CUYAHOGA COUNTY -- Veteran's groups are demanding a review of a county commission that's supposed to look after former armed service members following a Channel 3 News investigation exposing allegations of mismanagement and questionable spending at the agency.
The Cuyahoga County Veterans Service Commission has routinely returned up to $1 million a year to the county's general fund because it cannot find veterans in need of assistance, The Investigator Tom Meyer found. In addition, nearly 60 percent of their taxpayer-funded budget goes to overhead costs such as salaries, benefits and rent.
Veterans' advocate Ray Saikus said the commission's inability to find needy veterans is inexcusable given that more than 14 percent of the county's homeless served in the military.
"That's an ultimate sin for an organization like that," said Saikus, of the Joint Veterans' Commission of Cuyahoga County. "We have been trained to search out the enemy. We can also search out fellow veterans."
A group of vets investigating commission spending statewide believes veterans service commissions in every county should be examined.
"We believe that Ohio's veterans have been denied $600 (million) to $700 million and maybe close to a billion dollars in the past 10 years," said Luke Patrino, a Vietnam War veteran.
Patrino says veterans are forced to jump through hoops when they apply for help.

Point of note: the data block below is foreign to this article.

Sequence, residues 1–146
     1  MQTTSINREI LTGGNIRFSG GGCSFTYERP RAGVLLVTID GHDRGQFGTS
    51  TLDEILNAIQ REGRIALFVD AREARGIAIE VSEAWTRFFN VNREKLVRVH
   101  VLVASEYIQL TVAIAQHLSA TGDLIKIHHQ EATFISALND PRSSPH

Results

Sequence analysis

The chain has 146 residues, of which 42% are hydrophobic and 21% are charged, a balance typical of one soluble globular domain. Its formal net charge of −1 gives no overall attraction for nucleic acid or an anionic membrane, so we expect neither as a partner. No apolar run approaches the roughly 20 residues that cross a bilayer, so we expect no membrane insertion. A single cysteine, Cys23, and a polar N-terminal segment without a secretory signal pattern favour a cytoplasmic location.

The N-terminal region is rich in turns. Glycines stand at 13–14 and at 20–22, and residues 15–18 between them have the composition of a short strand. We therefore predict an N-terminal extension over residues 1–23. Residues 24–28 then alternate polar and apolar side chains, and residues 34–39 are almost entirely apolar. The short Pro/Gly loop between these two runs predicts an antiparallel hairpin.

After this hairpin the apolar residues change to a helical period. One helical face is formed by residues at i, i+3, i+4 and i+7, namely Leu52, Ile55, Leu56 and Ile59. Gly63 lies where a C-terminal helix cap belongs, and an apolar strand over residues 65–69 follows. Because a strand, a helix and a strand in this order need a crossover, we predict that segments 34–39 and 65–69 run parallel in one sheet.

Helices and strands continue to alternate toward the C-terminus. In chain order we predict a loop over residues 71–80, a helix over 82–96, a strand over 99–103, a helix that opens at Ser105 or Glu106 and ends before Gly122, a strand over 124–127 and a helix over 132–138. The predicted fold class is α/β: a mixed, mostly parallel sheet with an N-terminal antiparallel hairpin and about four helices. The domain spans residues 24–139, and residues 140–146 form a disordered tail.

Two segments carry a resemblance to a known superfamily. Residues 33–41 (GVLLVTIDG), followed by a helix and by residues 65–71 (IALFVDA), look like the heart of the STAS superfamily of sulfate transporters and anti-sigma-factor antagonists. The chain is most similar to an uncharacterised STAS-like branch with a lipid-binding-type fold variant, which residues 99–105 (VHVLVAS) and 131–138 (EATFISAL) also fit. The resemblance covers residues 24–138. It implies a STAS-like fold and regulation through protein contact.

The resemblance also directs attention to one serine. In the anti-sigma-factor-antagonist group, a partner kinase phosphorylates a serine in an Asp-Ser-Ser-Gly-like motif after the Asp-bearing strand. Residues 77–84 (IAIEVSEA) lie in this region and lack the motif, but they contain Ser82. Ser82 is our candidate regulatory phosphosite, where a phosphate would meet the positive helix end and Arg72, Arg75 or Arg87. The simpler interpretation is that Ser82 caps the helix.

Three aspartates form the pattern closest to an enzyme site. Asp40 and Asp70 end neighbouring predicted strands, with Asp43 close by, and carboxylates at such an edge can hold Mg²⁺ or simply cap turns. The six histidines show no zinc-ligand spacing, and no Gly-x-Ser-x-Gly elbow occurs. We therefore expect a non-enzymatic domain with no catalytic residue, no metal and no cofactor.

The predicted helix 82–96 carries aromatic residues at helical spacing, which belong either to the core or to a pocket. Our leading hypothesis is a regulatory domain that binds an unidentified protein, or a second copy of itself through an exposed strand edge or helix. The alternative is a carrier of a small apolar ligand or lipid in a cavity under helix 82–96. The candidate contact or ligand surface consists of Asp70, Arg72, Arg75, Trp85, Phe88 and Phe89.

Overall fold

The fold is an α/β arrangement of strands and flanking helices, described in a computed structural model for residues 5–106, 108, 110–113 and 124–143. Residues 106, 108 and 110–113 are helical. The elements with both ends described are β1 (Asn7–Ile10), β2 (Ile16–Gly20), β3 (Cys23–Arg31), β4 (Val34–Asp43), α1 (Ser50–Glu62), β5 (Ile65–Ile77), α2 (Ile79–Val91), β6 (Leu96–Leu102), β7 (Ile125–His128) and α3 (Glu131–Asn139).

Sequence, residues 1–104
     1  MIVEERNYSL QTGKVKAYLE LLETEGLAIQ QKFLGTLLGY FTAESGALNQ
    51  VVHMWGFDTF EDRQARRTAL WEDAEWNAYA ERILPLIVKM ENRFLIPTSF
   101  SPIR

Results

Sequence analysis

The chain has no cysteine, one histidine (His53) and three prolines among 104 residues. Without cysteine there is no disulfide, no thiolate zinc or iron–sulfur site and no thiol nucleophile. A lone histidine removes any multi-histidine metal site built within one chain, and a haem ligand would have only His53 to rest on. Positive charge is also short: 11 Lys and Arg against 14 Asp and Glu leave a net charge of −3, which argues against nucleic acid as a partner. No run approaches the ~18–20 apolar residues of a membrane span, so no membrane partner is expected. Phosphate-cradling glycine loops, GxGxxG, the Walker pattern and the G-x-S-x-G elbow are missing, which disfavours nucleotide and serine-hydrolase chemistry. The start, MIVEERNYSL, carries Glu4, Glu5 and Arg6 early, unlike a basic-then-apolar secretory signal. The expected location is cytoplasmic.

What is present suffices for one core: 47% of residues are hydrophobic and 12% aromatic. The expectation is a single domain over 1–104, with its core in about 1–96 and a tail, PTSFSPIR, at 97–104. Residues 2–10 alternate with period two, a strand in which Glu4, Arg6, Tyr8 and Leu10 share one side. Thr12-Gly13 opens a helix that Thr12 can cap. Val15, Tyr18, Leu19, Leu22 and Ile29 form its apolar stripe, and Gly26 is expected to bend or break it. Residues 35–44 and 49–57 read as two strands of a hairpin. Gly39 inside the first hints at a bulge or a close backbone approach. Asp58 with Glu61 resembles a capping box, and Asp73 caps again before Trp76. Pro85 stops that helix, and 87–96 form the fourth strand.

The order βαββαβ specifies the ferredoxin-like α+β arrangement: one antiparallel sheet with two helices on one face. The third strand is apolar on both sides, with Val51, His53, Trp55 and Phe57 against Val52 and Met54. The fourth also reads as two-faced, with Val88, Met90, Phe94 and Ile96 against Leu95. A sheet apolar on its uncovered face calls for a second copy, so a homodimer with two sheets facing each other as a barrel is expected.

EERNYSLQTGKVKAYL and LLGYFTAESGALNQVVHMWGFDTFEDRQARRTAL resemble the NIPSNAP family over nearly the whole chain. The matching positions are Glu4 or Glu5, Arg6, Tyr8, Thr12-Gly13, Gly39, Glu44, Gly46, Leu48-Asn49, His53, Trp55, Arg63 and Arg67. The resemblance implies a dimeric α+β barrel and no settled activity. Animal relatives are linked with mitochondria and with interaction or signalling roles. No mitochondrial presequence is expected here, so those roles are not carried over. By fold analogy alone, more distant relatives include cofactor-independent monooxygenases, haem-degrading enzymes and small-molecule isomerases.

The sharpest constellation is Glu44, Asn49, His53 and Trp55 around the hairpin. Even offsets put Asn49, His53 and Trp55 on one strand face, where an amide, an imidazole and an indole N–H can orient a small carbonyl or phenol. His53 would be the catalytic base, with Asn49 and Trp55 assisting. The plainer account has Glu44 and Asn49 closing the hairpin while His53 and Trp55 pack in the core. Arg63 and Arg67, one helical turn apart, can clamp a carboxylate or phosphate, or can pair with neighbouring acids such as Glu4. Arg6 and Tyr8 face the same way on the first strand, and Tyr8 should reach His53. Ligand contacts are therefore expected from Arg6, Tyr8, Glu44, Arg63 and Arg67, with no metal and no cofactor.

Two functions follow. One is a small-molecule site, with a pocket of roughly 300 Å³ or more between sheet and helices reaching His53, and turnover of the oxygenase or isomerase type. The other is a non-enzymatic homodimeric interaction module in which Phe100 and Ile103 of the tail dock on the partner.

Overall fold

"It's the humiliation they force them to go through to get relief," Patrino said. "It's bad enough you have to beg."
A county judge appoints members to the Cuyahoga County Veterans Service Commission. Presiding Common Pleas Judge Nancy Fuerst, who now oversees the appointments, said she is recommending the commission undergo an audit.
Channel 3 News found that the commission spends only 46 percent of its budget on assisting veterans. The rest goes to overhead, including a $132,000 salary for its executive director, Robert Schloendorn -- making him one of the highest paid administrators in the county.
The commission also employs 29 full-time individuals and eight part-time workers. Commission employees have received pay raises, longevity pay, and tuition reimbursements at a time when county employees have been laid off, forced to take furloughs, or had their pay cut. It spends $490,000 a year on office rent.
Schloendorn defended the commission's spending.
"We are trying to find them as best we can," said Schloendorn, who did admit the commission could be more aggressive in locating eligible veterans.
Schloendorn said that he has asked the county government for help conducting an audit.
County officials say they could examine the commission's books on their own, or they could bring in an outside group, like the state auditor.
But county officials say it is up to the commission whether the audit will simply make sure its financial statements are sound or whether the audit will do a top-to-bottom review of how the commission is doing its job.